- recruitment/headhunting

Sellinc cars and recruitment requires a lot of direct approach to potential clients, and not everyone is cut out for it. However, I know of people who have moved on to sales positions in decent Japanese companies, but you would have to work hard on your Japanese while at the recruitment/selling position.
Thanks for the advice, cocoichi. You raise a good point, of course. My concern is more related to the optimization of my CV . Of course, I could leave this job off my CV entirely and put down my colleague's school instead - though, as I said, his school is smaller and would appear less legit - e.g. he doesn't even have a website.

On the other hand, if I do put down my current employer, I wouldn't necessarily want to be bad-mouthed if they're contacted.

Glenski said:
What is discussed in those mere 5 minutes? Seems like a waste of time for all employees, not just you, to arrive an hour early unless there is something very urgent. What do people do the rest of the 55 minutes? Is the school open for business then, or are people arranging desks, sweeping, setting up stuff, making coffee, etc.? What do the other teachers say about this meeting?

And just how much out of your way is it to get there an hour early? That is, what time of day are we talking here vs. your commute. And, is there anything else you can do in or near the office during the 55 minutes after the meeting which would be productive, whether for this job or something else?

If you feel you have a leg to stand on, contact the Labour Standards Office near you and complain. Perhaps they will phone the employer and explain if there is a legal leg you can stand on. But I suspect that even if there is, your contract will simply not be renewed (not fire you) and maybe even they will try to make your life miserable enough to quit (thus removing them from the obligatory month's notice and pay).

Nebulahime said:
Without knowing anything else, I'd advise you take the hits just this once, swallow your pride and apologize, and then start attending those meetings. Even if they are only five minutes long, use the rest of the time to prepare for that day's lessons or socialize.
[...]
You're in a place where you're going to get a free pass for a lot, but ignoring the rules ain't one of them.
Hello Glenski, Nebulahime. The meeting is generally considered a waste of time by the teachers, but it's only because of a recent change in schedule that it became an inconvenience to this extent. The day of the meeting is going to be changed to accomodate others' schedule, who would start teaching right after the meeting. For me it will still require coming an hour early. It takes me about an hour to get to work.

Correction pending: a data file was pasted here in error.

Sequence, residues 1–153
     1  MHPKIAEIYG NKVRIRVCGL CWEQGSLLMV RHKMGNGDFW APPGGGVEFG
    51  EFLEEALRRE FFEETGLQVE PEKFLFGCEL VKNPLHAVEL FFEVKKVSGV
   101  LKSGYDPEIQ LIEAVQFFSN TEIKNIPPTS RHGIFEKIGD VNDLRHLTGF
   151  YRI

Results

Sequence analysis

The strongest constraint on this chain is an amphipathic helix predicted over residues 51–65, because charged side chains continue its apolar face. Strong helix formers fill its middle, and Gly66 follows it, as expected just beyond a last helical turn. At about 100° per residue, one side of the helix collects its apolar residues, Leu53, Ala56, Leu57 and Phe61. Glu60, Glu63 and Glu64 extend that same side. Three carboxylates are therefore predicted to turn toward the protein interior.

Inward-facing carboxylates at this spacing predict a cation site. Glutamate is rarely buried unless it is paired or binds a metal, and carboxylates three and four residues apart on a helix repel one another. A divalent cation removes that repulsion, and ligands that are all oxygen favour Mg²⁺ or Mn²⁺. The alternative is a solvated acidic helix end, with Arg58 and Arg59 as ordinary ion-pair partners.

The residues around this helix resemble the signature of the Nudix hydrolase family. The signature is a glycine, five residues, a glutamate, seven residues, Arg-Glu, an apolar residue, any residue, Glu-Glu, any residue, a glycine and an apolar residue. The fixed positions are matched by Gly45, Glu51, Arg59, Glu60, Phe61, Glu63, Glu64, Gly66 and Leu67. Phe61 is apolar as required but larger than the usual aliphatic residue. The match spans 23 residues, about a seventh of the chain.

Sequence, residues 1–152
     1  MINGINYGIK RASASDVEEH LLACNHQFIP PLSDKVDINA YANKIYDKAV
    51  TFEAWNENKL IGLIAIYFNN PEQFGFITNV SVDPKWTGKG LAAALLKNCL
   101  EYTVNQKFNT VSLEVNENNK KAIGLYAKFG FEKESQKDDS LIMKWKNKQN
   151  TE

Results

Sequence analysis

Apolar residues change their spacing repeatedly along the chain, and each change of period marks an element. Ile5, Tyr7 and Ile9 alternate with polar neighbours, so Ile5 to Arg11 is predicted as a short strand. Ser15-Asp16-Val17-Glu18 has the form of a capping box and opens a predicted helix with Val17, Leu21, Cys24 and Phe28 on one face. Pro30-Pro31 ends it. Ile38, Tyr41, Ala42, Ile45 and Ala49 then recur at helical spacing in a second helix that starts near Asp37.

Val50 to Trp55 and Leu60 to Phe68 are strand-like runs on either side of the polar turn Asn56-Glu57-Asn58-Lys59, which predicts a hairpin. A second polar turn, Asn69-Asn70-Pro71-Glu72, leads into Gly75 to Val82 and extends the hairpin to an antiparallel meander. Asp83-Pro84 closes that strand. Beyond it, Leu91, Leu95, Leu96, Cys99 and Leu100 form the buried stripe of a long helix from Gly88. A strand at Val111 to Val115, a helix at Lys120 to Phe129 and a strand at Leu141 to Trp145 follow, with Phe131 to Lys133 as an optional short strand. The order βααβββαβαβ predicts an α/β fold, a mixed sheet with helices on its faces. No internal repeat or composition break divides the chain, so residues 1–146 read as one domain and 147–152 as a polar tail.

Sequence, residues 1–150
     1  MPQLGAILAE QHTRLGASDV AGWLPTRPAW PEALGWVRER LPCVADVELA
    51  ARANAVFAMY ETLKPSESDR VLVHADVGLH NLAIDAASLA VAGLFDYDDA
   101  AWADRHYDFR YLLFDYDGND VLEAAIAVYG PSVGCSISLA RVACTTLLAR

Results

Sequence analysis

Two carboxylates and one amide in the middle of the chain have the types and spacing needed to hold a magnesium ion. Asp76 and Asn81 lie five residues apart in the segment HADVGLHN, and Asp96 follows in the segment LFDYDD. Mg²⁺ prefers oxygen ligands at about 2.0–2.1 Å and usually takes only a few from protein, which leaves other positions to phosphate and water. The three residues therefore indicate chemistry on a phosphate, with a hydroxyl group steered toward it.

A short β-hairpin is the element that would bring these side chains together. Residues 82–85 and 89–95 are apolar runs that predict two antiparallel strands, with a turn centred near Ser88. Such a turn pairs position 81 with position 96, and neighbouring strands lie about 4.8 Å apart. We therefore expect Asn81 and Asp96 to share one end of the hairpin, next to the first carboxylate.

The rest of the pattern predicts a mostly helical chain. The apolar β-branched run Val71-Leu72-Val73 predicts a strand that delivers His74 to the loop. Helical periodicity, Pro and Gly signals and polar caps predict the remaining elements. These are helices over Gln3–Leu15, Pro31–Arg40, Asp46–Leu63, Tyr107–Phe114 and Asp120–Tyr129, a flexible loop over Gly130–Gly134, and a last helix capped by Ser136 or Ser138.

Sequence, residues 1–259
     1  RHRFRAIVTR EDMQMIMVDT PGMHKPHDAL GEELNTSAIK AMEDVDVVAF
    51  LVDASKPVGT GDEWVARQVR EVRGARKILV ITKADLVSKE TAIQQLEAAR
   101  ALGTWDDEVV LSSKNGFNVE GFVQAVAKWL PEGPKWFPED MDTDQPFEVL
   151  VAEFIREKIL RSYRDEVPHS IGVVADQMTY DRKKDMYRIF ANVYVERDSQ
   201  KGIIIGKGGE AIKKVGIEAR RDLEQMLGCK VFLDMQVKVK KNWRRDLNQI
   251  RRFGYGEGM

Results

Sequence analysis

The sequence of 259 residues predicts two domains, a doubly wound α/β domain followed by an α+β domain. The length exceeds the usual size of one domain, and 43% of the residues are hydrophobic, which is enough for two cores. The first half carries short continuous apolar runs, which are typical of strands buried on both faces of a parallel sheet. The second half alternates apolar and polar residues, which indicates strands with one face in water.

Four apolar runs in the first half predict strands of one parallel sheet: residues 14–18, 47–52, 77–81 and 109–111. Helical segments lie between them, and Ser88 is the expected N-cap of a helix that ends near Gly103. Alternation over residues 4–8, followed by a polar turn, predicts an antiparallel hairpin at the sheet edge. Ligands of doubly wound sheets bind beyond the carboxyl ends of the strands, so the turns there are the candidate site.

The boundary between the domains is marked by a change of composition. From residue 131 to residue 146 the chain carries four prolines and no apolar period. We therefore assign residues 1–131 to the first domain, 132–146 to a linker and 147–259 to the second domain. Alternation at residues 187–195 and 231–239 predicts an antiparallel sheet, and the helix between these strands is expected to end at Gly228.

As for ignoring the rules... a few months back, they instituted a mandatory workshop that required us to come to work two hours early twice a month. I stopped going and was confronted about it, but they dropped the matter; presumably because another employee attended but complained and two others stopped attending and then stopped working there around this time. So I think taking a stand can work if there's some solidarity, but it seems I'm the only one inconvenienced by the new meeting schedule.

As for the 55 minutes... it's true that I can run away to another room and study Japanese during that time, and that's what I'm leaning towards doing, even though it is still an inconvenience. While I don't appreciate the coercion, I'd end up wasting around as much time researching and eventually taking legal action. Also, if I'm to take said supervisor's warning seriously, it seems more prudent to acquiesce - at least for most of the meetings. This way, I might be able to retain the possibility of a future recommendation.

To that end, I've just written a colleague who stopped working here to ask about when she asked for the letter (i.e. how many months before the end of her contract) and from whom she requested it. If I'm not mistaken, she went straight to a higher-up.

Do any of you have any interesting experience with letters of recommendation and the like? Also, do you think many employers would hold it against me if I tried to apply for a job before the end of my current contract (1 year)? Again, I don't have to write that in my CV, but they could always call the company to confirm that I left prematurely. Or is considered acceptable to end a contract prematurely if you give sufficient notice? How long is that notice?
 
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Resigning before end of a contract has always been ticklish here. If you are in good graces, depending on how much notice you give, too, it might be ok. If they are sticklers and have a contract clause, you might have to follow it. After working a year, I believe you only have to give two weeks notice. Keep in mind the company must give a month's notuce, even tho some might demand far longer from employees.

If they want to dock your pay for skipping a non-paid meeting lasting only five minutes, that would constitute a penalty, not wages earned. The contract should state policy on such things. This still brings you back to my original suggestion about the Labour Standards Office. I'd have their contact info in my back pocket just in case, if I were you.